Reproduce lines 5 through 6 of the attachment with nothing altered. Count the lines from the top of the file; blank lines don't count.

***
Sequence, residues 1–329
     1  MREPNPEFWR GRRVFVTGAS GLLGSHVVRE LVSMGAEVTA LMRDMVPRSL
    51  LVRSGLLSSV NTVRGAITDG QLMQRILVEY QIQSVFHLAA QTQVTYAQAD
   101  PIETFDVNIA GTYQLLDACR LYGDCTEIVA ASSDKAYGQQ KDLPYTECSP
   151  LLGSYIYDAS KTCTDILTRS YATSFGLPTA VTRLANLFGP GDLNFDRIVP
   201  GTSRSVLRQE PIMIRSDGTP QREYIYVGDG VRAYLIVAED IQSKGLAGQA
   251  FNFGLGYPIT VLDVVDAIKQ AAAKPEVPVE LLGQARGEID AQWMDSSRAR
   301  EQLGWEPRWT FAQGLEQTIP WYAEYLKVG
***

   151  LLGSYIYDAS KTCTDILTRS YATSFGLPTA VTRLANLFGP GDLNFDRIVP
   201  GTSRSVLRQE PIMIRSDGTP QREYIYVGDG VRAYLIVAED IQSKGLAGQA